Country-of-origin labeling was first mandated by Congress in 2002, expanded to include new products in 2008 and put into effect in 2009. However, the implementation process has been plagued by a number of different obstacles, including an international legal drama that could reach a climax later this month.
South Africa's Department of Trade and Industry (DTI) recently announced that it is implementing a new regulatory scheme, which will require products imported from certain areas of Israel to carry special labels alerting consumers of the items' origins.
Widening the adoption of GS1's traceable barcodes has been difficult in Tanzania. Although there are more than two million businesses in the country, only 370 organizations with about 6,000 products have started using the barcodes since GS1 TZ National was established in 2010.
U.S. Representative Rosa DeLauro recently told Bloomberg Markets that she intends to introduce a bill that would bolster the federal government's ability to regulate the food supply.
Nestle recently revealed that it has pulled several pasta meals off store shelves in connection with the growing horse meat scandal. At the same time, European lawmakers have called for new labeling regulations to be put in place.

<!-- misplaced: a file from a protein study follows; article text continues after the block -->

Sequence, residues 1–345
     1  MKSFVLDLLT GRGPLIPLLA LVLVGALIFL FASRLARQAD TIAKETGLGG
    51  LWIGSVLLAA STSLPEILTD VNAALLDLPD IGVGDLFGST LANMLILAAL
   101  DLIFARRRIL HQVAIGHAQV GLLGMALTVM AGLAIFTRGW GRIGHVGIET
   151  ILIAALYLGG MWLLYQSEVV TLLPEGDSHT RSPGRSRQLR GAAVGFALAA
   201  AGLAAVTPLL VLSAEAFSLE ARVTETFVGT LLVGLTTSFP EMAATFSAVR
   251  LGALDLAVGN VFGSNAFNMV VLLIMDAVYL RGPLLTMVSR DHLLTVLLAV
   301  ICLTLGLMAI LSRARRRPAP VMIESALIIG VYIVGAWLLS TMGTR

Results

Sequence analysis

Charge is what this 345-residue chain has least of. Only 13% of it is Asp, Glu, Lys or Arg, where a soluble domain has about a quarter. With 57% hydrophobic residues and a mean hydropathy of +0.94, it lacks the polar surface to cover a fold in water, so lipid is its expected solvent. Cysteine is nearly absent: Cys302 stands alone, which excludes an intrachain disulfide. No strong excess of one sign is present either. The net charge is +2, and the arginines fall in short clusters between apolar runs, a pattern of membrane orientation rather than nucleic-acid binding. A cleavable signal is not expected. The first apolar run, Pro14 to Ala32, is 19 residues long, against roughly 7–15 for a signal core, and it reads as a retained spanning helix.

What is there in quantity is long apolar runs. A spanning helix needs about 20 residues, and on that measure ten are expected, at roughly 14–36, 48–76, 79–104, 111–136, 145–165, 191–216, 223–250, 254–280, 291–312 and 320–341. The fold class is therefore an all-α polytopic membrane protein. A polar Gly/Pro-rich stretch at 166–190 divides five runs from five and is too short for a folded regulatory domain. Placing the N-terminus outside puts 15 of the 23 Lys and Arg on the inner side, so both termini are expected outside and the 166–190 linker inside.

We've previously talked about some of the issues involved in the controversy surrounding a U.S. law mandating the use of country-of-origin labeling (COOL) on various types of food products.
This blog previously discussed the details of a lawsuit filed in federal court in September by a number of associations linked to the food industry. The case centers on how country-of-origin labeling (COOL) requirements are being implemented.
Country-of-origin labeling (COOL) was first mandated for a variety of meat, fish, fruits and vegetable products under the Farm Security and Rural Investment Act of 2002, more commonly called the 2002 Farm Bill.
On August 22, the U.S. Securities and Exchange Commission officially adopted a new rule requiring companies to publicly disclose any use they make of certain minerals - including tantalum, tin, gold and tungsten - that originated in the Democratic Republic of the Congo or any adjoining country.
There are a number of popular misconceptions surrounding the role of international trade in the U.S. economy. Today, we'll discuss a few of these and consider how widening adoption of standardized, traceable labeling may help raise public awareness about the facts.
The U.S. is currently involved in several high-profile disagreements with other nations over their trade policies.
Debris from Japan, pushed out to sea in massive quantities by the tsunami, has begun washing up on the west coast of the U.S. However, with this wreckage comes a flood of non-native aquatic species.